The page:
Now that Ed Miliband has apparently embraced the Liberal Democrat agenda (voting reform, civil liberties, fairer taxation, condemnation of the Iraq war, cleaning up ‘the city’, the need for ‘fiscal credibility’ etc.,) he raises an intriguing question. Could Labour form a coalition government before the term of the present one expires?
The maths is intriguing. Labour currently hold 258 seats. Since Sinn Fein refuse to take up their five seats in Parliament the ‘magic number’ for a majority is an attainable 323. Were Labour to win three by-elections by taking seats from the Scottish Nationalists or Plaid Cymru, and were prepared to form a coalition with their ‘sister’ party, the Northern Ireland Social Democratic and Labour Party, Northern Ireland’s Liberal MP (from the Alliance Party), and the Green Party MP, a coalition with the Liberal Democrats would allow them to form a government with 323 seats against a ‘possible’ Conservative led coalition of 322 (assuming the Tories can come to an accomodation with the Nationalist parties and the Ulster Unionists).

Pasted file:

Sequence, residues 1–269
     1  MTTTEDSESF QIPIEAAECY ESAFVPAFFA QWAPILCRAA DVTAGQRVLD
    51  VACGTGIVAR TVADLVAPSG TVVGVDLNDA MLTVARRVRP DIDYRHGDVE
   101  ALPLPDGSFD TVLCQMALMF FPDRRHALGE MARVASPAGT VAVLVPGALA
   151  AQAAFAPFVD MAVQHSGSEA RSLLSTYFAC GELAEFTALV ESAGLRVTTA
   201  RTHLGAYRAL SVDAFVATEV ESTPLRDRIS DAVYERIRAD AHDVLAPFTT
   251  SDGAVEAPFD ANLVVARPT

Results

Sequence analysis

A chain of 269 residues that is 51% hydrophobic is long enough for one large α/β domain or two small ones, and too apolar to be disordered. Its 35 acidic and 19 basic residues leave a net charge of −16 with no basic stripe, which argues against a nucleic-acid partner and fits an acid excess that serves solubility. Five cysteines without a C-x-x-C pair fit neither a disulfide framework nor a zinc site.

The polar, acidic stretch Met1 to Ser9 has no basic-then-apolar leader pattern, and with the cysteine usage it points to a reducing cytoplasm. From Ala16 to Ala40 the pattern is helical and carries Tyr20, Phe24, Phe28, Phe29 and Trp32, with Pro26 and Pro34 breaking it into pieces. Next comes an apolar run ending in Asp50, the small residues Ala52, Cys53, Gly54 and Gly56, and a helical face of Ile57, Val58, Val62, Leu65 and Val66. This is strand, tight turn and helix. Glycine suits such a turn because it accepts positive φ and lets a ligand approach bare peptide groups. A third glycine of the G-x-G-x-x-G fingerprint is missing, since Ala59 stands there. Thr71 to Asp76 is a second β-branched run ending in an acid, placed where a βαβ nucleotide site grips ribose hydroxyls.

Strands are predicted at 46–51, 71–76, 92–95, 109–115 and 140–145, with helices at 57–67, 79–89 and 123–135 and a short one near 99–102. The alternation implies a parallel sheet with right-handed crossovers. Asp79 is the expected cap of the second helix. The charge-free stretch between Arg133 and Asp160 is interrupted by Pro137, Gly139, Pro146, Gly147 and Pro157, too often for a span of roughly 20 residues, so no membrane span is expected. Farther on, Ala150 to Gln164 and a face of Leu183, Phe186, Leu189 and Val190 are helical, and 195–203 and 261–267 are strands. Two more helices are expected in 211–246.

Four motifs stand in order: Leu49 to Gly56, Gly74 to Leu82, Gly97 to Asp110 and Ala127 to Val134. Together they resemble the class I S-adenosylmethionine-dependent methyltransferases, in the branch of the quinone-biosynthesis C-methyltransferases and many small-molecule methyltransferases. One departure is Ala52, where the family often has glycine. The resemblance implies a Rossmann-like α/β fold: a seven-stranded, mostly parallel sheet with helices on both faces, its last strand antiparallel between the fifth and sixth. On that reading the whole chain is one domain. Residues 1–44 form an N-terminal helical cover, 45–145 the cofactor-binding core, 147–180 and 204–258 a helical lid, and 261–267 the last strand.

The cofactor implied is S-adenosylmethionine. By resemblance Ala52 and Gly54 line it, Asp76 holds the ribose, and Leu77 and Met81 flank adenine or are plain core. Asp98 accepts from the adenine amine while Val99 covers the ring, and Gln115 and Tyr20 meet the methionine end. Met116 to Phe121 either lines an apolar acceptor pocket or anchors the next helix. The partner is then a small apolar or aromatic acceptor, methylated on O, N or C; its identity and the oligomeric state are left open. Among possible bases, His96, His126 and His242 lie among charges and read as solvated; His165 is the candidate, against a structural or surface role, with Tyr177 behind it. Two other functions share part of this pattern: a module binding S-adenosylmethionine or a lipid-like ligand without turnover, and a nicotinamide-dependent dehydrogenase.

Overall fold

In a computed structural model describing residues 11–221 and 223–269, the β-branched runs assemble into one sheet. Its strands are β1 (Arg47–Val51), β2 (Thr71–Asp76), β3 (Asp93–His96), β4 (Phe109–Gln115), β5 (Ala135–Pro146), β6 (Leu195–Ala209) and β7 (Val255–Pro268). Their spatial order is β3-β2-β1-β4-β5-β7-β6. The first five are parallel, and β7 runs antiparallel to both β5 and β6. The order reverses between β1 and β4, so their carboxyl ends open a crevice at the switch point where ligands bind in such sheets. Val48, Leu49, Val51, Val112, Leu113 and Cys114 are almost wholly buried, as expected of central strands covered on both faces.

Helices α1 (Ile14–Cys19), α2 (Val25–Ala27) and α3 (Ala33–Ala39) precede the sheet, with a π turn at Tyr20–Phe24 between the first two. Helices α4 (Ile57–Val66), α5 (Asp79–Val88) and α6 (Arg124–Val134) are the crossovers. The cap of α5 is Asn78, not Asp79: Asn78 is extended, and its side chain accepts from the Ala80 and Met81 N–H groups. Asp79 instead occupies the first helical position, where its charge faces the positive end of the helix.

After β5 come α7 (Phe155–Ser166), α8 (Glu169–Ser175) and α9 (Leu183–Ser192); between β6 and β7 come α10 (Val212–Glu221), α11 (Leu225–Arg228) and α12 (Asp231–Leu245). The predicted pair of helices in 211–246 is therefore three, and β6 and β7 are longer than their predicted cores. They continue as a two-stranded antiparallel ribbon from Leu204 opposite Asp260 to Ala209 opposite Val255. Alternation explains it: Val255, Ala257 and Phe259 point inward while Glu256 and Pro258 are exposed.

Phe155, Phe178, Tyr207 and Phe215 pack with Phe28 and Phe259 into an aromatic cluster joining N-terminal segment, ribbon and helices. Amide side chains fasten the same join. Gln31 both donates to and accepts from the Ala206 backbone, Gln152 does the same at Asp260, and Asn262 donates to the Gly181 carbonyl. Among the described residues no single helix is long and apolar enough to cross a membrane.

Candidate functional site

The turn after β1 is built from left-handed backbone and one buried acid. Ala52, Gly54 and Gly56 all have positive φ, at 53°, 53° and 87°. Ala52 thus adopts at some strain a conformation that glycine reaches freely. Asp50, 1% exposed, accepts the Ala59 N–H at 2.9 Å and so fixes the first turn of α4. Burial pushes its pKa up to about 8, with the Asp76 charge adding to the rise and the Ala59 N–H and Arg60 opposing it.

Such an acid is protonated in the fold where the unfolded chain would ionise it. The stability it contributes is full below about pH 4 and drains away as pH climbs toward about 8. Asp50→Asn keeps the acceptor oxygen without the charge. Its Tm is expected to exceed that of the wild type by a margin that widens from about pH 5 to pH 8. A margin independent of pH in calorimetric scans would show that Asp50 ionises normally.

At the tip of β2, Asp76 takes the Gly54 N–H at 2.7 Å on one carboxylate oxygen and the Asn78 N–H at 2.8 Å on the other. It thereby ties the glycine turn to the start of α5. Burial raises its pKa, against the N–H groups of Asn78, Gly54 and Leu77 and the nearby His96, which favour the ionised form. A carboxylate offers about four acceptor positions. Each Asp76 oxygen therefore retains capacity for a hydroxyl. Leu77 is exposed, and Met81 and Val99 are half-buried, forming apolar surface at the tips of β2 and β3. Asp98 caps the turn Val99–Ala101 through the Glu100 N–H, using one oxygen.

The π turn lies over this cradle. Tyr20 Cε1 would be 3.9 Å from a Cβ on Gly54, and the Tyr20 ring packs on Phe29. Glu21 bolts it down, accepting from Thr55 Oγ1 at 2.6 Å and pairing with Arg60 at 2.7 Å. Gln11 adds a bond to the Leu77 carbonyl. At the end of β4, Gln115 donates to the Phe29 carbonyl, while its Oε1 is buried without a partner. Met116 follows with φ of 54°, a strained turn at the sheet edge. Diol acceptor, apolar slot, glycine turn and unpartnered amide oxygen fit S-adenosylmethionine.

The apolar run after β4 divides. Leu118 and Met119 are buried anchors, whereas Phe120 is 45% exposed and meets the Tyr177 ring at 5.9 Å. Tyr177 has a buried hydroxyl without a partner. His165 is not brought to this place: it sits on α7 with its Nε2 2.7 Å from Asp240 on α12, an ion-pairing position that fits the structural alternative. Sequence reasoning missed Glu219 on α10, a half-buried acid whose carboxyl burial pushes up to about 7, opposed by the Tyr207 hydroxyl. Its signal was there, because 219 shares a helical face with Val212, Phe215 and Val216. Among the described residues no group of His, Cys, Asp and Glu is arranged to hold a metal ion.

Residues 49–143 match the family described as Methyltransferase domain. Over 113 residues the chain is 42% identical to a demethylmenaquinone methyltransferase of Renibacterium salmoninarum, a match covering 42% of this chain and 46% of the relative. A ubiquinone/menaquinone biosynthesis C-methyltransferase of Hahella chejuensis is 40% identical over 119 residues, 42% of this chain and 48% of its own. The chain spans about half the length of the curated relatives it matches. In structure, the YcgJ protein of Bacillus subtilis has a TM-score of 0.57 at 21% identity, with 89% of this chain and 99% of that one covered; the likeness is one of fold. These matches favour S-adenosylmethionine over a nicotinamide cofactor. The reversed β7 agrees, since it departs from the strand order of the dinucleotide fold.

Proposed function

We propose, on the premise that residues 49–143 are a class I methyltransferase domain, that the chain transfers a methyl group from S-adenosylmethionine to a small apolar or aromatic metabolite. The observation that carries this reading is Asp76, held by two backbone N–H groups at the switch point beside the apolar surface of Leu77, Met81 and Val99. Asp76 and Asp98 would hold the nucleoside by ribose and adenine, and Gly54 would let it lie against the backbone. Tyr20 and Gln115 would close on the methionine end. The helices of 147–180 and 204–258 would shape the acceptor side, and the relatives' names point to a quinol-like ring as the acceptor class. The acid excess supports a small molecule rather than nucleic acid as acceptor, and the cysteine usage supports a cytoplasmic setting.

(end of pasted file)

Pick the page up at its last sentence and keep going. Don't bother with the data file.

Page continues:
I am not saying that such a coalition is desirable or even achievable. The sincerity of Labour’s new leader is not enough to overcome the emnity and distrust that many of his party’s members harbour towards other parties, particularly the Liberal Democrats, The Labour party needs to retreat from its tribalist instincts, particularly at grassroots level in the north, and accept that only they can make the necessary approaches if they are interested in forming a progressive alliance based on mutual respect and a shared agenda.
One point worthy of note for the Liberal Democrats. With Labour less than a handful of seats away from forming a coalition with other like-minded progressives, Liberal Democrat leverage on the Tories may be stronger than we realise. With some deft management we could get more from the current coalition than we perhaps realise.